Domus first introduces David Chipperfield to its readers in 1988. An article by Manolo De Giorgi on Domus 695, June 1988, focuses on the projects for a graphic design studio in London and for the Arnolfini Gallery in Bristol, and most importantly helps contextualize the young designer in the British architectural scene. De Giorgi frames Chipperfield in “the handful of around-forty-years-olds, sons of the Foster and Rogers generation, who at the top end take their slices of liberal-tatcher pie” of large-scale works ongoing in London at the end of the 1980s. According to De Giorgi, the political value of Chipperfield’s early works stems from their small size, as well as from the ironic reinterpretation of the previous generation’s technological obsessions: “Though they are sons of those masters it must be admitted there is quite a big difference, that they have quite another sort of lightness, that they joke happily with the technology their fathers believed in so devoutly, boiling it down simply to a chapter of jewelry”.
De Giorgi believes that the two projects, both based on a composition of two-dimensional plans, clearly echo Carlo Scarpa’s “carpet-surfaces”. These are just the first of a long sequence of Chipperfield’s interior designs featured by Domus. London’s Wilson & Gough Store follows shortly thereafter (Domus 705, May 1989), considered by Paola Aimo as a positive exception in the dull scenario of that time’s British interiors. She describes it as “against the current”, pointing out how it is shaped from “a precise comprehension of the problems and a clear focalization of the objectives”, which make it “evolve through extreme care of the plans and a tireless study of details”. Amongst the others, Domus also publishes London’s and Paris’s Equipment Stores (commented by Richard Burdett on Domus 738, May 1992), and more recently London’s and Rome’s Valentino Flagship Store, photographed by Santi Caleca and featured on Domus 1005, September 2016.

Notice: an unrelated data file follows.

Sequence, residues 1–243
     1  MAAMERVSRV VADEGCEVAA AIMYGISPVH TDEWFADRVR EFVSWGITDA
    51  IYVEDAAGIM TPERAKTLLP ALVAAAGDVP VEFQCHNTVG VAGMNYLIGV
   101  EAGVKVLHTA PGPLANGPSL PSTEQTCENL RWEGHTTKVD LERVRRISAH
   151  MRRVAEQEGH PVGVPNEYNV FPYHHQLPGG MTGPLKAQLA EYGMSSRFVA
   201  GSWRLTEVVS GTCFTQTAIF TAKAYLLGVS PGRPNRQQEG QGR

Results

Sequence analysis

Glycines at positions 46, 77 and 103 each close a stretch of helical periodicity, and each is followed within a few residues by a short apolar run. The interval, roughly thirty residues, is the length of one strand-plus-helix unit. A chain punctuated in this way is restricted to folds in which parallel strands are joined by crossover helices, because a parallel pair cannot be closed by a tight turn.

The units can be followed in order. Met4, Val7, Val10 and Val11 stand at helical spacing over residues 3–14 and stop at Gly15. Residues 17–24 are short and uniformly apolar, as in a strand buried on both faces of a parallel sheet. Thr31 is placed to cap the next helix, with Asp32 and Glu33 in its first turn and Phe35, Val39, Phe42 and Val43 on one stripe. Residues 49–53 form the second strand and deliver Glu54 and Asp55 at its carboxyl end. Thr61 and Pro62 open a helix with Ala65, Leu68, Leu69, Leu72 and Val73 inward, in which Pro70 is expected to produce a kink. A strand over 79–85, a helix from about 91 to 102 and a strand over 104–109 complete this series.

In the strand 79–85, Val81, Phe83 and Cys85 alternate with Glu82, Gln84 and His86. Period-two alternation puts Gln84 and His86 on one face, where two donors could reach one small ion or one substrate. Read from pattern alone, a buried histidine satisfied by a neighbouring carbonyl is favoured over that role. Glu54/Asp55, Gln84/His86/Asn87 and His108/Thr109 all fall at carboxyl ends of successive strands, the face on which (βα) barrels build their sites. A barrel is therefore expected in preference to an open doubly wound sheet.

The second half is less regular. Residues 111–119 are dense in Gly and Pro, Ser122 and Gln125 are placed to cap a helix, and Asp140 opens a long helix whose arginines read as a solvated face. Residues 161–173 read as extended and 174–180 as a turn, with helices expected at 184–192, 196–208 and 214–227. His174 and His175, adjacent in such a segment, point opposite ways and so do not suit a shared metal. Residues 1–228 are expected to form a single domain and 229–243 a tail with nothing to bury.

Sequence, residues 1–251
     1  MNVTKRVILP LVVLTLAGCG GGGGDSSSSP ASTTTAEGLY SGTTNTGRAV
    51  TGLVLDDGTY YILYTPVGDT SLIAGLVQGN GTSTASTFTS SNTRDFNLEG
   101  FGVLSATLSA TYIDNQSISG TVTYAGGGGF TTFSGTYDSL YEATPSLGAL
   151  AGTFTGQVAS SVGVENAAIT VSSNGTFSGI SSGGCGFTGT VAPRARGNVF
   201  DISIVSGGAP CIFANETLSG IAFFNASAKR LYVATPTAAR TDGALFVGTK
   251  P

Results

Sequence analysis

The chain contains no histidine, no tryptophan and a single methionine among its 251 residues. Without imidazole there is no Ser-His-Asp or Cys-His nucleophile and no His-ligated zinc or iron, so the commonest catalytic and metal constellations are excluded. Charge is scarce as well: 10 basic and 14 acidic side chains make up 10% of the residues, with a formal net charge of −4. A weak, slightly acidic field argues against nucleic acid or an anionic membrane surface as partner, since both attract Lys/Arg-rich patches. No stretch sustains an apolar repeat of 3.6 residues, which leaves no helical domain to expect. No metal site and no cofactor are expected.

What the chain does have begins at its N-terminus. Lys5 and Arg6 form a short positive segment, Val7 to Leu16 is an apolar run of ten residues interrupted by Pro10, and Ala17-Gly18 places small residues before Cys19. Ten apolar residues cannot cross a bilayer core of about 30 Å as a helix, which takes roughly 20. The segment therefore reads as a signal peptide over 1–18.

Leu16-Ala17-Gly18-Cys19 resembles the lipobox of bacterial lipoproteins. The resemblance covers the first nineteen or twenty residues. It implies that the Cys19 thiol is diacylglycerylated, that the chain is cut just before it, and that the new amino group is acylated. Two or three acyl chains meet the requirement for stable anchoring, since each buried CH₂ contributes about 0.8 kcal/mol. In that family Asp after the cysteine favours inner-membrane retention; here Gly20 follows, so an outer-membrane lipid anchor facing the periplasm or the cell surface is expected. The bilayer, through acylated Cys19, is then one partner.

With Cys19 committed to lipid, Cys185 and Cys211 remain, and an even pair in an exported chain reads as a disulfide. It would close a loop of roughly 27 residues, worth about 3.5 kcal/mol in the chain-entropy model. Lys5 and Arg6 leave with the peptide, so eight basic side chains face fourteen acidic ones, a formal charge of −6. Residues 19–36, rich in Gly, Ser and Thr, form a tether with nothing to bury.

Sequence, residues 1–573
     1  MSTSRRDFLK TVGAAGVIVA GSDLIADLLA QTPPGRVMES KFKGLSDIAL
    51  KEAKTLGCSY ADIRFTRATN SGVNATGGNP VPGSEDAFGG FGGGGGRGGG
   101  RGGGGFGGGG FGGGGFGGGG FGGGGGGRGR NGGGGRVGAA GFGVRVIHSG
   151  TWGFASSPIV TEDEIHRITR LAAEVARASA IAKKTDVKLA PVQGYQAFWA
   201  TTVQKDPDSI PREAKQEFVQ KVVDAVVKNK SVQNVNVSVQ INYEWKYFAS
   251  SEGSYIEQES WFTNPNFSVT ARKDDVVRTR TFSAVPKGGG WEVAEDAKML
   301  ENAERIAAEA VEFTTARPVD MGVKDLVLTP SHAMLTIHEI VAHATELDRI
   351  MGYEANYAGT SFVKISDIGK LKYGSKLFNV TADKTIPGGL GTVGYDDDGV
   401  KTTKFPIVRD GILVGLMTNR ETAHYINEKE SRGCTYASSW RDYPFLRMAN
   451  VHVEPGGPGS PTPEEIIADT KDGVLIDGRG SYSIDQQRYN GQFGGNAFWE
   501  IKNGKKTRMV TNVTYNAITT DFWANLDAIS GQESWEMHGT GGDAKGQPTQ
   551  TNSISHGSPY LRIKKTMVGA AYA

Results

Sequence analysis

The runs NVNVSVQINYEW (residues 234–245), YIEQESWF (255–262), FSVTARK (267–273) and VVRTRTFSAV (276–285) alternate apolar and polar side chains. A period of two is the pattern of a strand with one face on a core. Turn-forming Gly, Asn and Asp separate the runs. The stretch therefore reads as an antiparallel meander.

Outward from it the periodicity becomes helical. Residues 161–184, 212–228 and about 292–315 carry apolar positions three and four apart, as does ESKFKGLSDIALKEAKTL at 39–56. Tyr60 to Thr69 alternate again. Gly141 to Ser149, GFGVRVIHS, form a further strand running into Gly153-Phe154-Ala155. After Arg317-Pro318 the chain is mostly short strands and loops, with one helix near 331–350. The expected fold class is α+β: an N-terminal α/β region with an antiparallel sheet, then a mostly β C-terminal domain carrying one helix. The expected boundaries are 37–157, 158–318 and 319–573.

Through the years, Domus welcomes the different typologies and places that Chipperfield explores along his career. The magazine analyzes his way of bringing Subversion in the suburbs – this is the powerful title of Rowan Moore’s article on Domus 843, December 2001 – where he refurbishes and extends photographer Nick Knight’s London house. In Moore’s words, “suburbs are often the most subversive places (…). The apparent elimination of friction or threat, combined with elaborate mechanisms of privacy, provides a perfect camouflage. Which makes the house David Chipperfield created for Charlotte and Nick Knight the reverse of normal suburban subversion. If this house is radical, it wears it on its sleeve”. On the subject of domestic landscapes, a few years before Martin Kieren highlights that Chipperfield “orchestrates a virtuoso architectural sculpture” for a private house in Germany (Domus 795, July-August 1997), whereas on Domus 987, January 2015, Simon Menges’s photographs narrate the “site restoration” in which Chipperfield’s Fayland House contributes, in the earth of the Buckinghamshire countryside.